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Nursing Homes Face Enhanced CMS Scrutiny of Covid-19 Infection Control

Feb. 8, 2021, 9:00 AM

Nursing homes regulation was turned upside down in 2020 due to the Covid-19 pandemic. As 2021 dawns, CMS has clarified and refined its survey guidance, but the bottom line remains the same—facilities’ infection control policies and procedures will continue to be subject to strict scrutiny.

Take, for example a nursing home whose failure to comply with Centers for Medicare & Medicaid Services (CMS) Covid-19 guidelines resulted in severe penalties.

In October 2020, a nursing home in New Jersey (name withheld), a facility with a history of substantial compliance, received its first inspection since the state resumed recertification surveys.

In this survey, the New Jersey facility received an “E” level infection control deficiency alleging four staff members, while outside of resident areas, had removed the bottom strap of their N95 masks. When questioned, two of the staff members said they removed the bottom strap because “it was easier to breathe” and “the bottom strap hurt.”

Although scope and severity are not challengeable in informal dispute resolution (IDR), and technically, these individuals were wearing their masks improperly, the facility debated contesting the deficiency for two reasons.

First, the facility felt the surveyors did not recognize the impact of Covid-19 on staff and the minimal risk of the removal of one mask strap in non-resident areas. Second, and more importantly, although the deficiency was relatively minor, with no civil monetary penalty (CMP), the impact of an “E” level infection control deficiency on future surveys is significant.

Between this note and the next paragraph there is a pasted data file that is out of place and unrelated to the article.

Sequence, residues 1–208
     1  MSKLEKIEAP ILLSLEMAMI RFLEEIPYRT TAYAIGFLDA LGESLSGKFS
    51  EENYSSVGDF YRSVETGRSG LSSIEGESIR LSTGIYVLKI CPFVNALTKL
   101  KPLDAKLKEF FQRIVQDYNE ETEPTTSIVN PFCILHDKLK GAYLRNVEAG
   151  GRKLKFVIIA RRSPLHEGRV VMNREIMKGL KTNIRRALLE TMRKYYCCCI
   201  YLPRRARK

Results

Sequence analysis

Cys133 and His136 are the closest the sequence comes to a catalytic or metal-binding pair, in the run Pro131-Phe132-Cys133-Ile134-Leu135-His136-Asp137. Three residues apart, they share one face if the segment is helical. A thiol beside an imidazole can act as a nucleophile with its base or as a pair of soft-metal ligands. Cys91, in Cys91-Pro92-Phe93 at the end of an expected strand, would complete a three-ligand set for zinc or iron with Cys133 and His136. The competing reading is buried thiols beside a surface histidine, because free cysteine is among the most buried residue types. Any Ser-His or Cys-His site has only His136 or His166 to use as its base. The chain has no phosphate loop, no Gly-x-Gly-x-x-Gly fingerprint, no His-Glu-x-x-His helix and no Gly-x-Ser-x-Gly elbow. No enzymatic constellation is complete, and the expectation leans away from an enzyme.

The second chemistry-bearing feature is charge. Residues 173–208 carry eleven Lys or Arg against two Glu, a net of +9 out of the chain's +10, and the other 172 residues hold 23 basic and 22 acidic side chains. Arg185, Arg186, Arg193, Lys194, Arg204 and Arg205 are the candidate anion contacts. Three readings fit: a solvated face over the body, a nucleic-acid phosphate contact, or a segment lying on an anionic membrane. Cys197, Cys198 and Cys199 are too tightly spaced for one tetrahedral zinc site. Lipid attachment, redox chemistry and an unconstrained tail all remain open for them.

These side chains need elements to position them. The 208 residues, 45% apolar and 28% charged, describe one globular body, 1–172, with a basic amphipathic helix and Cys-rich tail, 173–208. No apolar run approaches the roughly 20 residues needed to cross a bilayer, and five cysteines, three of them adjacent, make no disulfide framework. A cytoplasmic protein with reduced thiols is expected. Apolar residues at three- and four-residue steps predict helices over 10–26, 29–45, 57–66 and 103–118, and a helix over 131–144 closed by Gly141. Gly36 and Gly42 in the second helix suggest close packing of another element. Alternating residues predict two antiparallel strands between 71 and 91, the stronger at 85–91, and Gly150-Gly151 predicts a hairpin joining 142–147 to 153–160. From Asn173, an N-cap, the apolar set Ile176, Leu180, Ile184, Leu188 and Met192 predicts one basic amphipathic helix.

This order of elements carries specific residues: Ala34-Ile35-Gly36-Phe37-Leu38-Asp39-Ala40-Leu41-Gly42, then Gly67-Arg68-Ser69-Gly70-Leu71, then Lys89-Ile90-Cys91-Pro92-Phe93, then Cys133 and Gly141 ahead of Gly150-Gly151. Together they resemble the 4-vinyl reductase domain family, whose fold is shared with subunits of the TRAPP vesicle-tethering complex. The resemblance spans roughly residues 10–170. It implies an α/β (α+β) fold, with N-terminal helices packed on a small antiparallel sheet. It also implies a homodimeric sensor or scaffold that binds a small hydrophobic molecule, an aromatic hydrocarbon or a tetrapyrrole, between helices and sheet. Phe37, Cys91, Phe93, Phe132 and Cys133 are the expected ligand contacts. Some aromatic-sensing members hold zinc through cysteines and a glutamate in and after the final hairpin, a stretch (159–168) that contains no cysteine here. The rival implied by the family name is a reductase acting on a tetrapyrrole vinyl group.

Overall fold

Pursuant to a June 1, 2020, CMS memo (CMS memo), because staff members removed their masks’ bottom strap, the New Jersey facility is now subject to enhanced enforcement remedies on subsequent surveys.

Indeed, another “E” level infection control deficiency—or even a lesser “D” level deficiency—within the next year, will subject the facility to a directed plan of correction, possible denial of payment for new admissions and per instance CMPs up to $500. An “F” level infection control deficiency will increase the per instance civil penalties to $10,000.

Continued Scrutiny of Infection Control

As 2021 begins, states are resuming their standard recertification processes alongside the focused infection control (FIC) surveys conducted throughout this pandemic.

Facilities can expect continued scrutiny of infection control, both in recertification and FIC surveys. As a result, on Jan. 4, CMS issued a revised memo (revised CMS memo) to clarify the FIC and standard recertification survey processes during Covid-19.

The initial CMS memo requires states to conduct FIC surveys of 20% of its nursing homes annually. As states increase standard recertification surveys, the revised memo clarifies that, while all FIC tools are incorporated into the recertification survey process, states cannot use the standard surveys to count toward the 20% requirement. Thus, facilities will be subject to both standard surveys and possible FIC surveys. However, the revised memo changes the triggers for an FIC survey.